How to Compare Student Loans

Posted by Lindie Johnson on Mar 14, 2018 2:47:00 PM

Student loans are one way through which many students make their career dreams come true. But, as with any loan, you have to pay them back with interest. That is why you need to borrow wisely and get the best deal with the best terms possible. Here are some parameters you can use while comparing student loan options:

How to Compare Student Loans

What is the interest rate?

The interest rate on your student loan depends on the type of loan you choose among other factors. Whenever comparing student loan options, you want to find the one with the lowest interest rate but you'll also want to pay attention to the type of interest. For instance, taking a fixed rate loan means that your interest rate will remain unchanged for the whole life of the loan. A variable loan has an interest rate that fluctuates monthly, quarterly, or yearly depending on the prevailing market conditions. A fixed rate may start off slightly higher, but a variable rate caries more risk and might not be the best choice if you don't have much flexibility in your budget or are unsure about your career interests. Consider this when determining what the "lowest" really means. 

Student loan APR

The annual percentage rate (APR) allows you to compare loan options side-by-side. Not only does this figure take into account the interest rate, but also takes into consideration the cost of fees & capitalized interested on your loan. APR gives you a holistic picture of how much loans cost, expressed as a rate.  

Length of term and its effect on monthly payment

A longer student loan term often reduces the monthly payment amount but in return, often increases the total amount you eventually pay since you pay interest for a longer period of time. On the other hand, a short-term loan increases your monthly payment but can reduce the total amount you have to pay back but reducing the number of years you pay interest. When assessing options, pay attention to the overall cost of the loan (total finance charges) in addition to the rate. 

Monthly payment amount

Before you borrow, you should know what your monthly payment will be to ensure it will be affordable for your family. Remember, if you choose a variable rate loan, your monthly payment can change (for the better or for the worse), so you'll want to make sure you have room in your budget if your rate changes. Be sure to choose a loan that will offer a repayment amount that you can keep up with. The monthly payment is determined by the amount you borrow, the length of the term, whether or not payments are deferred while you are in school, fees, and the interest rate. When comparing loans, also find out if there is any way to change your repayment option (and monthly payment) after you enter repayment. Estimate monthly payments here. 

Forbearance and deferment options

It is always advisable that you consider your future in terms of repaying your loan. Depending on the loan you choose, you may be allowed to forbear or defer your repayment. Deferring allows you to stop the repayment for a given period (typically while in school, although other reasons may make you eligible) while forbearance may postpone or reduce the monthly rates (usually due to some sort of financial hardship). Federal Subsidized and Unsubsidized Loans have extensive deferment and forbearance options. They vary more among state-based and private student loan options.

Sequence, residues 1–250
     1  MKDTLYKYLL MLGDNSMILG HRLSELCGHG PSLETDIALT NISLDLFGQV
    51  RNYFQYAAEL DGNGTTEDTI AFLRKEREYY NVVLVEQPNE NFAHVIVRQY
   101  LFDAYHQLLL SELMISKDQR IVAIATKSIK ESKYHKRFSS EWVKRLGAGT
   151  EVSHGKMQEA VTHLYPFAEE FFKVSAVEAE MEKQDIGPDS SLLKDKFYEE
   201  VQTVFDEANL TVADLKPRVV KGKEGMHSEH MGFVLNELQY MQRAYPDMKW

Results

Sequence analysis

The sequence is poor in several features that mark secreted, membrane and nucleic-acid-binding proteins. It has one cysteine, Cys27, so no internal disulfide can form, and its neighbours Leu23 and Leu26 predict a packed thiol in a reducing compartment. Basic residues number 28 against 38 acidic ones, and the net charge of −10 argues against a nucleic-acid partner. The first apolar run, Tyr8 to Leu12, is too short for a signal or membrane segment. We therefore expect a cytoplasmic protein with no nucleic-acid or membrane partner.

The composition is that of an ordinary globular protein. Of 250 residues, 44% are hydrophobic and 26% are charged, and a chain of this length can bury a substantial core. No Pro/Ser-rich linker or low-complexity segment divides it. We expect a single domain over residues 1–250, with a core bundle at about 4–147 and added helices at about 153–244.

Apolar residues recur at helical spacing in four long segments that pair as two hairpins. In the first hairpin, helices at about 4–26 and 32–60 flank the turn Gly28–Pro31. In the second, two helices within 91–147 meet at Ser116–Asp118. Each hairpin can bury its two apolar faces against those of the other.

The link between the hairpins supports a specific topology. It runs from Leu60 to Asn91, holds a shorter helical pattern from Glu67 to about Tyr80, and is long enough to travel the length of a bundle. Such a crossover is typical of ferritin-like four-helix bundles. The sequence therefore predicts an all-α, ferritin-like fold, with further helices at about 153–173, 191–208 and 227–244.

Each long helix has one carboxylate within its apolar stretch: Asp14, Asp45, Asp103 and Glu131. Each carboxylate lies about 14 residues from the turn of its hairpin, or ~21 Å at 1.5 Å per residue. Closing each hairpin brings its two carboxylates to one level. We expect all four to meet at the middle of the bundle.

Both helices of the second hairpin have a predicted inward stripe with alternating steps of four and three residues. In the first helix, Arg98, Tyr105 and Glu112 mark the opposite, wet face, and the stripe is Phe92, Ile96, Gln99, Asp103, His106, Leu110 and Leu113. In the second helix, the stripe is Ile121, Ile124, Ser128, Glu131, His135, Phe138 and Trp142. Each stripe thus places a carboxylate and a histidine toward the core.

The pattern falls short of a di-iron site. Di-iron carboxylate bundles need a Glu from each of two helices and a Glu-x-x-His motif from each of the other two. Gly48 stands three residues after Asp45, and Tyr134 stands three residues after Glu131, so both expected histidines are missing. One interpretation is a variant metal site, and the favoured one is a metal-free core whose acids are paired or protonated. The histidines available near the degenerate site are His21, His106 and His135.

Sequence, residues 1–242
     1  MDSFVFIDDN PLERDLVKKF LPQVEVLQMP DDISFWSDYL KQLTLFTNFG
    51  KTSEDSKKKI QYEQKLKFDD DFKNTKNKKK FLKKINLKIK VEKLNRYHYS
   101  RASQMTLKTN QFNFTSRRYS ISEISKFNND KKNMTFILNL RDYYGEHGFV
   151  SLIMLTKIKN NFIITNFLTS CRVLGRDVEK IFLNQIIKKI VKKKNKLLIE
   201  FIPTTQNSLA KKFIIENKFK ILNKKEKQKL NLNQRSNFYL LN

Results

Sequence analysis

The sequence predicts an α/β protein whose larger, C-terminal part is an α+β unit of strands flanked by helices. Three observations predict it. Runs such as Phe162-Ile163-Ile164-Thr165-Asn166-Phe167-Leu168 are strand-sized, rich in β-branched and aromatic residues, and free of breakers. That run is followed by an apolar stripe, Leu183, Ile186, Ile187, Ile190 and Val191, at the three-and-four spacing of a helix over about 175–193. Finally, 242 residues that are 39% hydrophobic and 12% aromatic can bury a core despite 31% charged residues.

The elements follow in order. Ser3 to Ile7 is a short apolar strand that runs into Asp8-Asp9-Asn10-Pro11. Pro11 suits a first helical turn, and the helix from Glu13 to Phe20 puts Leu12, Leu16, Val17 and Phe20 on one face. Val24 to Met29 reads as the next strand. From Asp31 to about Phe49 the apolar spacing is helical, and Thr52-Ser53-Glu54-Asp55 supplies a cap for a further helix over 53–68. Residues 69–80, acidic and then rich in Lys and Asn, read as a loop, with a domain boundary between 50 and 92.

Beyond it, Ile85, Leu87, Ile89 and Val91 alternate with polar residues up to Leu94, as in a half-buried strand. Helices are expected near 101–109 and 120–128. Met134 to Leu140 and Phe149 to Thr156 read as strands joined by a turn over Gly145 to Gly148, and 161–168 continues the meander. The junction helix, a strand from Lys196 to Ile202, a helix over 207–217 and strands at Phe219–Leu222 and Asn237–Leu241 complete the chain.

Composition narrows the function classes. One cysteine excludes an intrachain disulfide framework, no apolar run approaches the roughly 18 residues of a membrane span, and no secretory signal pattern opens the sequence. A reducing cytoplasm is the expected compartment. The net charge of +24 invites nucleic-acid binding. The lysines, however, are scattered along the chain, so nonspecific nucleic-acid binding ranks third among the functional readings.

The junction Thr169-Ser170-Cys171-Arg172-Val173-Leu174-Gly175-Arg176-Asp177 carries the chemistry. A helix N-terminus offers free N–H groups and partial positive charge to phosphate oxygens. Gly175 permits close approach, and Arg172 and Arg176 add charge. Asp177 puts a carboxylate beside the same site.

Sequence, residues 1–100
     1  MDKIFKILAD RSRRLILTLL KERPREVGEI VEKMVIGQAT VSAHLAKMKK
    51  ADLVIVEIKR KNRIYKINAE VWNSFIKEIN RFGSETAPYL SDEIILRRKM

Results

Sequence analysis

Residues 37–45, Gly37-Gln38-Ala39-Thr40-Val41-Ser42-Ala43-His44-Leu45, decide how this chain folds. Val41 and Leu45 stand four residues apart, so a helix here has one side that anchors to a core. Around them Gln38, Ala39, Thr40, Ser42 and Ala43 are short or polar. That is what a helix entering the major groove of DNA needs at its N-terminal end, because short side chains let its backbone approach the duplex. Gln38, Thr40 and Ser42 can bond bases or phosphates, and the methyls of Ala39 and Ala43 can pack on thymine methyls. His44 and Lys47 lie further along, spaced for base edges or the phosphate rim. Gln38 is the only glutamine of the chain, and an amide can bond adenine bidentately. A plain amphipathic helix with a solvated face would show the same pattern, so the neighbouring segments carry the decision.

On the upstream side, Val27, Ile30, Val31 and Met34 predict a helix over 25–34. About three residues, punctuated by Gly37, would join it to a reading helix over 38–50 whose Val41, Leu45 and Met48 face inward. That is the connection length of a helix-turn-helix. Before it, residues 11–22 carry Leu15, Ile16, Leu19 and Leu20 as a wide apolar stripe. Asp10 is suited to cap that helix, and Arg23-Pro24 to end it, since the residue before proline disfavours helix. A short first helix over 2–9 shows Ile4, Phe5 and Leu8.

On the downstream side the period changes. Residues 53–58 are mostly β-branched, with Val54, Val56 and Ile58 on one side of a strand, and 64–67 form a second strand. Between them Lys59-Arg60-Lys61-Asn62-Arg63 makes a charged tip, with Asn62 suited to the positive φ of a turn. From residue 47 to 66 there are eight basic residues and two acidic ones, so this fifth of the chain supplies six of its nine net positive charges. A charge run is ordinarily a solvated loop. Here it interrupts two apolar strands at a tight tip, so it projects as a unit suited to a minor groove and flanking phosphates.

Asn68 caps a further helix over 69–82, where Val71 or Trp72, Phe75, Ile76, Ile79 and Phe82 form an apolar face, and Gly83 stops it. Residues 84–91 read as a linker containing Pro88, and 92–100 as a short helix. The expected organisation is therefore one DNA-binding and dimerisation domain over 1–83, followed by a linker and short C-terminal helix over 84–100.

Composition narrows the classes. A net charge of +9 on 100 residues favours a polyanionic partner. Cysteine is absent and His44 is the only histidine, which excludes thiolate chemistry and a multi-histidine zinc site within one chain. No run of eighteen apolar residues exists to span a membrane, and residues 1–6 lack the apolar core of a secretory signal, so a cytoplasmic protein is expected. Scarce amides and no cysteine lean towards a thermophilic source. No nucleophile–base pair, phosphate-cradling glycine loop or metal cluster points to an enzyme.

Forgiveness options

There are some loan programs out there (federal loans and state-based loans included) that offer forgiveness options under certain circumstances. For example, if you enroll in a Pay as your Earn repayment program on your federal Stafford loan, you may be eligible for forgiveness on the remainder of your loan balance after 20 years of repayment. If you work full time in public service, that forgiveness may be in as little as 10 years of repayment with monthly payments based on your income. Other programs, such as RI Student Loan Authority's RISLA Student Loan offer $2000 of loan forgiveness to students who complete an eligible internship. Also pay attention to whether you loan is forgiven in the event of death or disability. Investigate these programs and look for loans that have them. Just make sure you are also paying attention to the bigger picture, like interest rate, fees and other terms. 

Repayment flexibility

For one reason or another, you may not be able to meet your monthly repayment as per the agreed terms. Therefore, settling for a loan that is flexible and empathetic on your financial capabilities can help you if you land upon financial trouble. Look into whether your loan offers income-based, extended or other repayment plans if you need them. RISLA's college loans offer income-based repayment


Some loans have fees that significantly increase the total amount to be repaid. Others have not fees at all. Obviously, you do not want to pay more than necessary towards servicing your loan. This is one thing you can’t afford to overlook when comparing student loan options. Pay attention to origination fees & repayment fees as well as late payment fees, administration fees, returned check fees, etc. 

Want to know more about borrowing for college? Our Guide to College Borrowing can help. 

Download Borrowing Guide


Topics: Borrowing for College